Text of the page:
Friday, April 20, 2018

Student of the Week: Amari Angelo

Amari Angelo, a sixth-grade student at Jordan-Small Middle School, is The Windham Eagle’s Student of the Week.

“Amari Angelo is the kind of student who goes the extra mile,” stated her teacher. “She has a quiet leadership style that is appreciated by both teachers and peers, and she never hesitates to step up and take on new challenges. Quick to smile and lend a helping hand, Amari is a person to whom people are drawn. She is a voracious reader, a strong writer, and she has a creative mind. When it comes to science, Amari is out of this world. She is focused and persistent in the classroom, a star in the lab, and she orbits problems until she finds resolve. More than academics, Amari is a great human being. 
She is friendly, polite, helpful, and kind. She has been a great new addition to the JSMS community, and we are eager to see where life takes her. She is truly a wonderful and gifted individual.”

Angelo’s favorite subject is science and she believes that having your own study space helps to make learning fun. She enjoys soccer and dance and her favorite music group is Pentatonix.



Choosing a college, university or career school by Sue Hatfield

Investing in a college education or career training can lead to opportunity and success in a
competitive economy that is increasingly knowledge-based and global. If an individual has been offered admission to more than one institution, it can be challenging to make a choice. Making an informed decision involves comparing institutions on factors that enhance the student’s academic, financial and social “fit”.

Factors to be considered by prospective students and parents in choosing a college, university or career school include the following:

Total cost
Scholarships and financial aid
School rankings
Distance from home
Transportation
Campus size and setting
On-campus housing options
Available majors
Work-study options
Student services
Student body
Available athletic and extra-curricular activities

Graduation data: Admission offices should provide current information on the percentage of students who graduate with a degree or earn a certificate of completion, and how long, on average, it takes them to complete their programs of study.

Return on investment (ROI): When choosing a school and possible field of study, students should consider the institution’s reputation and the popularity of various majors, as well as their career goals and predicted future earnings.

There are many institutional matches for every prospective student. Individuals should keep their needs, preferences, and goals in mind to arrive at a good post-secondary school choice. Admissions reps, faculty members, and/or current college/career school students are available to answer questions in order to help the prospective student make an informed decision.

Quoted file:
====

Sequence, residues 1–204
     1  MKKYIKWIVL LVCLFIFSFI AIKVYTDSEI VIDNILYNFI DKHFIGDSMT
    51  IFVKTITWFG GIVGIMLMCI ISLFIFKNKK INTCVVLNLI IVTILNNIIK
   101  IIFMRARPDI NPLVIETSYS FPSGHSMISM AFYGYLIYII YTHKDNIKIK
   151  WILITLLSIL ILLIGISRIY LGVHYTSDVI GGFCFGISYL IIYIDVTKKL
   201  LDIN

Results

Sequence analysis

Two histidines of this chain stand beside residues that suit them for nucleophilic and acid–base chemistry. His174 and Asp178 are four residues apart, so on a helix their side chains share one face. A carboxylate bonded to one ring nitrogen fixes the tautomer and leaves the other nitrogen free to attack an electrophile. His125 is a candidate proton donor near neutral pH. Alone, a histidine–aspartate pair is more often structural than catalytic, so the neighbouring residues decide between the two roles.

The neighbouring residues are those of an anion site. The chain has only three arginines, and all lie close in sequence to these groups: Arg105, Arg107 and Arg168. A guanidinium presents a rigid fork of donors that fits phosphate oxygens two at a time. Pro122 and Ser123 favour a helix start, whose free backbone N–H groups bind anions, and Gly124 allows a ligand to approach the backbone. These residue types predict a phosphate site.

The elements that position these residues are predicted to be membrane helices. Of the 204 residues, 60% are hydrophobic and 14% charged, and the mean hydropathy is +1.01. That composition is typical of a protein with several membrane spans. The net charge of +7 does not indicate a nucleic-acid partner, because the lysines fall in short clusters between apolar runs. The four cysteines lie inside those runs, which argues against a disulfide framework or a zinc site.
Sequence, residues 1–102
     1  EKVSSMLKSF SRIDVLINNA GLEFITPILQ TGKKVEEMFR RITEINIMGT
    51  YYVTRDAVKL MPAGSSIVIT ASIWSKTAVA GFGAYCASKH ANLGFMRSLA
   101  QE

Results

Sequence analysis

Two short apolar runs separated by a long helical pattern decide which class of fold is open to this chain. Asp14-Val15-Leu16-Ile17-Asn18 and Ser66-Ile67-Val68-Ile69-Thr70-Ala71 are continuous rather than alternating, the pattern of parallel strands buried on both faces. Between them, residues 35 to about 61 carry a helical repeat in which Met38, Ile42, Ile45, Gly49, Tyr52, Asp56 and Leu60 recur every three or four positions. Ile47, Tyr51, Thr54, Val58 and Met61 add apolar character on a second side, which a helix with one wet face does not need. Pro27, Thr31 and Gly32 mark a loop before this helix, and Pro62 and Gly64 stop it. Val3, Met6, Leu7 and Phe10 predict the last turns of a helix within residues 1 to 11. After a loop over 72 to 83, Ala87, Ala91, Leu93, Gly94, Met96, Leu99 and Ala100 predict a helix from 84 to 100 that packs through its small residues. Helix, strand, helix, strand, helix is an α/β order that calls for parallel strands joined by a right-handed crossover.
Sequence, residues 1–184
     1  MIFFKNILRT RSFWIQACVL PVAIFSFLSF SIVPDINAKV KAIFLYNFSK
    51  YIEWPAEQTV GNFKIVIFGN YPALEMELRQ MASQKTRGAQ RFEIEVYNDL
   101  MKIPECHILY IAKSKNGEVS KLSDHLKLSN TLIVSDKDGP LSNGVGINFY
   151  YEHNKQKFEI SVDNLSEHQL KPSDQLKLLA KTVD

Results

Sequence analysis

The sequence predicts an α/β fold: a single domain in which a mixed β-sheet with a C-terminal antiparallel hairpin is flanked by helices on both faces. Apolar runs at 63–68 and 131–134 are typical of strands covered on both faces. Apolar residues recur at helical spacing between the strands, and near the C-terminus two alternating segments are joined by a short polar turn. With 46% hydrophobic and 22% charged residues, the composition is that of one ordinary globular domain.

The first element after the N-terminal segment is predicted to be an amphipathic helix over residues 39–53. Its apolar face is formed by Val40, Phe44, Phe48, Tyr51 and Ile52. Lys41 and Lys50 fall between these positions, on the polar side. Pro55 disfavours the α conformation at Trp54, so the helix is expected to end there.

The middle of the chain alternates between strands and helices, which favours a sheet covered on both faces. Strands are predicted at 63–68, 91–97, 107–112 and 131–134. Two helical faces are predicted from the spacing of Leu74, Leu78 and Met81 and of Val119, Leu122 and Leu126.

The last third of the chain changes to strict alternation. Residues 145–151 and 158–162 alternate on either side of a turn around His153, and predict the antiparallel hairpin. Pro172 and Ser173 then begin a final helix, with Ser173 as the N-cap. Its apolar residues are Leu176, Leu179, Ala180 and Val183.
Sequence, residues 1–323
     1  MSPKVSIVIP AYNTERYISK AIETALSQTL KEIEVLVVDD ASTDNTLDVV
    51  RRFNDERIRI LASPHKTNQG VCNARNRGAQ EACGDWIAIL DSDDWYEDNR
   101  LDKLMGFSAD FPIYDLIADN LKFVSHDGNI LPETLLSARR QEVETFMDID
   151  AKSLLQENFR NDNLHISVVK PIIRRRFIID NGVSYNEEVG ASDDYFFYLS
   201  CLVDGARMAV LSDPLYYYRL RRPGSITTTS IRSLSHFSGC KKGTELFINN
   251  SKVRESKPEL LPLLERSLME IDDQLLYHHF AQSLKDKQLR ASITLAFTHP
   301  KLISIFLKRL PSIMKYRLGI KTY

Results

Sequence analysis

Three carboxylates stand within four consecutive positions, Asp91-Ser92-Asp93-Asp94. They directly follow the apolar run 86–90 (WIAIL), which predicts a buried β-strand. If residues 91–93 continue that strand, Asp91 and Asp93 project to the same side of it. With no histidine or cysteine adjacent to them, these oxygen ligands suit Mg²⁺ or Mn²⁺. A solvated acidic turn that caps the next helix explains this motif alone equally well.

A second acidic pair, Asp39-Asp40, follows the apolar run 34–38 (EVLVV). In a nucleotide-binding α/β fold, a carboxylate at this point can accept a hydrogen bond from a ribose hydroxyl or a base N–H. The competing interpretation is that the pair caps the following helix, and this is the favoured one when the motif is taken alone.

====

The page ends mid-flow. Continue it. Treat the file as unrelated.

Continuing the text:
May 1 is National College Decision Day. This date is considered the deadline for all high school students to choose the institution that they plan to attend. The student must send the required deposit and official notice that s/he intends to attend a single college that has offered admission. The school will expect to receive these or have them postmarked before/by May 1 for the student to secure a seat for fall. (Check school policy concerning the firm deadline.)

If a senior has been placed on a waitlist(s), there are important factors to consider.

Seat security: The student should send a deposit and his/her decision to attend a single school that has offered admission by May 1 in order to secure a seat in the fall. Note: If the student is admitted off a waitlist and chooses to attend that institution instead of the one where the deposit was made, s/he will usually forfeit the deposit made to the first school.

Cost: Some institutions may have already awarded most of their scholarships and financial aid by the time the waitlisted student is offered admission.

References:




Sue Hatfield is a certified school counselor who worked in Maine high schools for twenty years before her retirement.


Earth Day events with Loon Echo Land Trust

Loon Echo Land Trust is celebrating Earth Day by hosting two special and free events for the public
in Bridgton, ME on Saturday, April 21 and Sunday, April 22. Help beautify your community in the morning and stretch your legs the following afternoon with a hike to the summit of Bald Pate Mountain.
 

 Loon Echo along with, Lakes Environmental Association (LEA) and the Bridgton Community Center, are hosting an Earth Day Cleanup on Saturday the 21st starting at 9 a.m. at the Bridgton Community Center on Depot Street.  

This year participants will be giving back to the community and focusing on the downtown Bridgton area. Before rolling up our sleeves, Loon Echo and LEA staff will take a moment to remember former LEA staff member and close friend Adam Perron, who helped establish the Bridgton Earth Day Cleanup in 2015.  

After cleaning up, the Bridgton Community Center will provide a free picnic for participants. Work boots, gloves, bug spray and water are recommended. This program will run approximately four hours.

The following day join volunteers and friends from Loon Echo, for a 2-hour afternoon Earth Day Hike to the rocky summit of Bald Pate Mountain. Participants will meet at the main parking area on Rt. 107 in Bridgton at 3 p.m. At the summit hikers will share music, poems or stories that embody the spirit of the day. Sturdy hiking boots or shoes, water and snacks are encouraged for this moderate hike.